Everyone knows the Kama Sutra is ancient India’s racy sex manual. The very title conjures up titillating visions of smiling maharajas cavorting with bejeweled naked nymphs.
But few Americans have ever read it—not even the “good parts,” the sexual positions that made the book famous. Meanwhile, the major English translation is a travesty. It dates from 1883 and was published just once in the U.S., in 1962. Its author, English army officer Richard Burton, tortured the text to shoehorn it into Victorian views about sexuality, notably the that only men experience sexual desire and pleasure, and that women are simply passive receptacles for men’s lust. The real Kama Sutra expresses much different—and more contemporary—attitudes.
Happily, in 2009, some 1700 years after the book first appeared, Oxford University Press published a little noticed translation by Wendy Doniger, a professor of religious history at the University of Chicago, and Sudhir Kakar, an Indian fellow at Harvard’s Center for Study of World Religions. They right Burton’s wrongs and reveal the Kama Sutra as a guide to an eroticized life. Think “Sex and the City” circa 300 A.D., only for men.
The recent translation can be remarkably modern: Women are as sexual as men, and men should provide them with erotic pleasure and orgasms. But it can also be callous and repugnant: If women stubbornly spurn men’s advances, men are justified in raping them. And oddly, the licentious Kama Sutra can be surprisingly prudish: It disdains oral sex.
Treatise On Sexual Pleasure
Kama Sutra means “treatise on sexual pleasure.” Unlike the Christian view that sex is only for procreation, fourth-century Hindus reveled in eroticism, believing that life has three purposes: piety (dharma), prosperity (artha), and sex (kama).They considered the pursuit of sexual pleasure a religious quest—as if doing it were as important as church on Easter.
The sexual culture described in the Kama Sutra is surprisingly liberal. It grants women independence that modern Saudi women can only dream of. While it describes girls and women as dependent on their fathers and husbands, it depicts young women as free to date men and select their own husbands, and married women as free to entertain lovers.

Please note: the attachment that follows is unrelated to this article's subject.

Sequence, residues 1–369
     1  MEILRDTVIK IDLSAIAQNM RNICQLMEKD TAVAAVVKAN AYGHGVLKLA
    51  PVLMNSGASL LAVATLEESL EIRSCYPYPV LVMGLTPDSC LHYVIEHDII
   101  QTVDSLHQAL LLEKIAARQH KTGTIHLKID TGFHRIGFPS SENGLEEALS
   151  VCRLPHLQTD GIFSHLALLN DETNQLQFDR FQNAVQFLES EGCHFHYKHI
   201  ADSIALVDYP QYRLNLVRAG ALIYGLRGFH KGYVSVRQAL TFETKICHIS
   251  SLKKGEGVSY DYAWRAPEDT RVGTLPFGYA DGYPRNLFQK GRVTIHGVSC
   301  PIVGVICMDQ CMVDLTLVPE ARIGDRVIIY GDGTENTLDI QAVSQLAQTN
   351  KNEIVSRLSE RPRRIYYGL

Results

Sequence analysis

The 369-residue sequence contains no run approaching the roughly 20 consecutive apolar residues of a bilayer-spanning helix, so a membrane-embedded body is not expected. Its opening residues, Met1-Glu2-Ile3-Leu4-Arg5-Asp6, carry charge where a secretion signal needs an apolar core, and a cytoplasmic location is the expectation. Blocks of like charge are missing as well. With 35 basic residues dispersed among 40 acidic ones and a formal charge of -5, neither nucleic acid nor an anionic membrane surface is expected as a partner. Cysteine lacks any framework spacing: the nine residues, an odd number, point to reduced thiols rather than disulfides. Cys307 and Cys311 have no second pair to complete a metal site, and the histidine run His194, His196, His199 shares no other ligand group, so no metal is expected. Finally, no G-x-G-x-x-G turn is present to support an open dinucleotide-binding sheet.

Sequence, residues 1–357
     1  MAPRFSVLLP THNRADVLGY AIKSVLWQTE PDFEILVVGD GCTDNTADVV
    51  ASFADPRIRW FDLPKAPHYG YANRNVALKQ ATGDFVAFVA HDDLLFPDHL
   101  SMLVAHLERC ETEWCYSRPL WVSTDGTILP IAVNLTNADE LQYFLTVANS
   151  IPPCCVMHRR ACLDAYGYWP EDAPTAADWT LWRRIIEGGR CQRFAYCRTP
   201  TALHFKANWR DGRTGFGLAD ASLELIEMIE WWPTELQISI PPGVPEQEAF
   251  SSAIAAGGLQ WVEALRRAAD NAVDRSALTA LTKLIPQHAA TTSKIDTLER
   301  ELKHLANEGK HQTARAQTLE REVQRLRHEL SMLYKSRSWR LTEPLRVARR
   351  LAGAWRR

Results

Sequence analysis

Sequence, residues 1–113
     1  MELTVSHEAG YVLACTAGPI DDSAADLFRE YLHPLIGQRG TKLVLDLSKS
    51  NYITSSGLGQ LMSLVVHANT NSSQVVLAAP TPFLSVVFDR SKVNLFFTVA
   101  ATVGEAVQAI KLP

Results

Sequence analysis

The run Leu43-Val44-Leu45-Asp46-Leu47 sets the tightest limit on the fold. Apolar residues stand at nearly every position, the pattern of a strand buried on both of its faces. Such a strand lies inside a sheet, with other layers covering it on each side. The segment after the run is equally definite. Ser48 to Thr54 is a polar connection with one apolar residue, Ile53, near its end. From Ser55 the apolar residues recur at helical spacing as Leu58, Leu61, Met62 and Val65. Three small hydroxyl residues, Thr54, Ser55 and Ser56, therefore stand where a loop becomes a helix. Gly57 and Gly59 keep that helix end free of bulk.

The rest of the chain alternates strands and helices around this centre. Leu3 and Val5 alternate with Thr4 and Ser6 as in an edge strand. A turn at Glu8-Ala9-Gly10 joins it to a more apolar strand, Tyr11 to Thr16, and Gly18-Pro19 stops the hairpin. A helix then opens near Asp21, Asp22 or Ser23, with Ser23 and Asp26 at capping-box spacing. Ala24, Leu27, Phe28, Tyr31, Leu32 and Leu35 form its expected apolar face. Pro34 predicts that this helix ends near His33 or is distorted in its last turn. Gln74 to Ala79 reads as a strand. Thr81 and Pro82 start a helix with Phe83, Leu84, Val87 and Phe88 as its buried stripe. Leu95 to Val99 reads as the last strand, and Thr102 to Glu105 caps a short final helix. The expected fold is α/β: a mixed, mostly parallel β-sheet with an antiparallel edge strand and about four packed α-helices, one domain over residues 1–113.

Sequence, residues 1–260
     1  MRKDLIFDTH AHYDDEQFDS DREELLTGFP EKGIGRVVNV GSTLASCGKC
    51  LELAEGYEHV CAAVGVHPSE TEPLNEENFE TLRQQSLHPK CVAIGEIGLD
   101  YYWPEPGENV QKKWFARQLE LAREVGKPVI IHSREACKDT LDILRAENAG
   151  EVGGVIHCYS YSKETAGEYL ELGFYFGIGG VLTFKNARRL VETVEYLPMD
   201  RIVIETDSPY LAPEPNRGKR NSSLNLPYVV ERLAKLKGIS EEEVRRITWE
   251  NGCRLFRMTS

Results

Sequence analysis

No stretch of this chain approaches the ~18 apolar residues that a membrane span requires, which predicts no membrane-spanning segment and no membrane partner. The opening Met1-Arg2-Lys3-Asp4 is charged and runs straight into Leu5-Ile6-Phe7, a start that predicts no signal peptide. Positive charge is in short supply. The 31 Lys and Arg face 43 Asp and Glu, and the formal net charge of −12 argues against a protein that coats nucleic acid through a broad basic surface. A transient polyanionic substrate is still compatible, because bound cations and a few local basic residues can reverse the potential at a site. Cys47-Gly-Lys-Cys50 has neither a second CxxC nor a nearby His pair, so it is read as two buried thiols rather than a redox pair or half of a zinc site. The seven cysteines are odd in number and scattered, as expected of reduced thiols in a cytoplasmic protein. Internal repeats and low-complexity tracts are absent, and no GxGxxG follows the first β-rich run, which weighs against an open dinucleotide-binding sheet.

Life as an Erotic Play in Seven Acts
Nothing is known about the Kama Sutra’s author except his name, Vatsyayana Mallanaga, but it’s clear he was upper class. He takes money, leisure, and servants for granted.
The Kama Sutra contains seven sections that track men through life. In Book One, the bachelor sets up his pad. In Book Two, the section that gave the book its racy reputation, he perfects his sexual techniques. In Book Three, he seduces a virgin. In Book Four, he marries and creates a home for his wife and servants. By Book Five, he’s sexually bored with his wife sexually, so he seduces other men’s wives. But as he ages, philandering become exhausting, so in Book Six he takes up with courtesans, who please him while expecting nothing in return—except payment. Finally, in old age, his erections fail him, so Book Seven contains herbal potency formulas.
Book Two, the sex manual, recognizes women as lusty, and urges men to value their erotic pleasure, a view that arrived in our culture less than a century ago. It also exhorts men to make love so that “she enjoys her climax first.” How? By cuddling, kissing, and playful sensual touch to heighten women’s arousal, elements of lovemaking that still elude some men. The Kama Sutra is also adventurous—it touts sex toys, sex while bathing, and erotic spanking. It describes how a man can satisfy two women at once (fondle one by hand while having intercourse with the other), and how two men can share one woman (fellatio for one, intercourse for the other).
I mentioned the book’s unexpected aversion to oral sex, which Vatsyayana calls “opposed to the moral code.” But after condemning it, he instructs women how to “suck the mango” and tutors men in cunnilingus: “Transpose the procedure for kissing a mouth.”
When seducing virgins, the Kama Sutra advises men to be patient and tender. Over several weeks, suitors should engage them in conversation, shower them with gifts, and win their trust, while keeping hands off. Then men should send figurines of goats with erections. If virgins react positively, their suitors get lucky.
But if virgins are too coy, tenderness goes out the window. Vatsyayana advocates plying reluctant virgins with liquor and then raping them. Other women may also be forced, “widows, women who have no male protector, wandering ascetics, and beggars … for they are vulnerable.”
The Kama Sutra ignores caring for one’s own spouse, focusing instead on the thrills of seducing other men’s wives. If ancient Indian wives discovered their husbands’ infidelity, they could not divorce. All they could do was chastise and practice “love sorcery,” concocting herbal potions to win their husbands back. But the Kama Sutra forbids love sorcery because, it says, women had no right to interfere with men’s adultery. The book cites only one reason to pass up infidelity—if it risked “disaster,” i.e. violence or financial reverses.
Of course, if men seduced neighbors’ wives, other itchy gents were likely to seduce theirs. The Kama Sutra warns husbands how to prevent it—constant surveillance bordering on imprisonment.
In the end, the Kama Sutra describes a strange lusty world that venerated sex for its own sake, while also accepting men’s sexual cruelty toward women. Why read it today? Because the Kama Sutra ushers us into an exotic society’s bedroom and shows us a mirror in which we see reflections of ourselves.